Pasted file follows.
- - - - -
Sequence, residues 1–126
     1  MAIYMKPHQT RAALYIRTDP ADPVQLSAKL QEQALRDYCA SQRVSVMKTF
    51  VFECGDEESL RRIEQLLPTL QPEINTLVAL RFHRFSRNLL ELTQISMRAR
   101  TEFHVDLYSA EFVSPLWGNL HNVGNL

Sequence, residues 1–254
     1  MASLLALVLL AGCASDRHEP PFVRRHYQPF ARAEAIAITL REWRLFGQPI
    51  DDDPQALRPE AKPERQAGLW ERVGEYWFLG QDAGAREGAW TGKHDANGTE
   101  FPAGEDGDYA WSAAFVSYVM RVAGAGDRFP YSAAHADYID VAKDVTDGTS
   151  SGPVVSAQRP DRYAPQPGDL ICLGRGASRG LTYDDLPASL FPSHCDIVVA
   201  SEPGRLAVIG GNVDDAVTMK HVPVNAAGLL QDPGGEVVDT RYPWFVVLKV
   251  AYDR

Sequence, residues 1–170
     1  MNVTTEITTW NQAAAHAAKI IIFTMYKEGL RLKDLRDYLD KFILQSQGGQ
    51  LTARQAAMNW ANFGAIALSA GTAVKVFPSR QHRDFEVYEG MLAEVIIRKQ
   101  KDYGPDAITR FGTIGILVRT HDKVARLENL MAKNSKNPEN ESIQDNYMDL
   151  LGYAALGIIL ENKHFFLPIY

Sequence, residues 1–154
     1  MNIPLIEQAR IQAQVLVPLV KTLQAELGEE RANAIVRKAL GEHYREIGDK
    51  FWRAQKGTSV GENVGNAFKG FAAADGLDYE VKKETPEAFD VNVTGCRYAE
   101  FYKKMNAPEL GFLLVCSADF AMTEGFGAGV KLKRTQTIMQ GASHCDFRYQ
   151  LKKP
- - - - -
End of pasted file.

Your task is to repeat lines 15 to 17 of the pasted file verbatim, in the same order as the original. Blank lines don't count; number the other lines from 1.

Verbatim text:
   101  KDYGPDAITR FGTIGILVRT HDKVARLENL MAKNSKNPEN ESIQDNYMDL
   151  LGYAALGIIL ENKHFFLPIY

Sequence, residues 1–154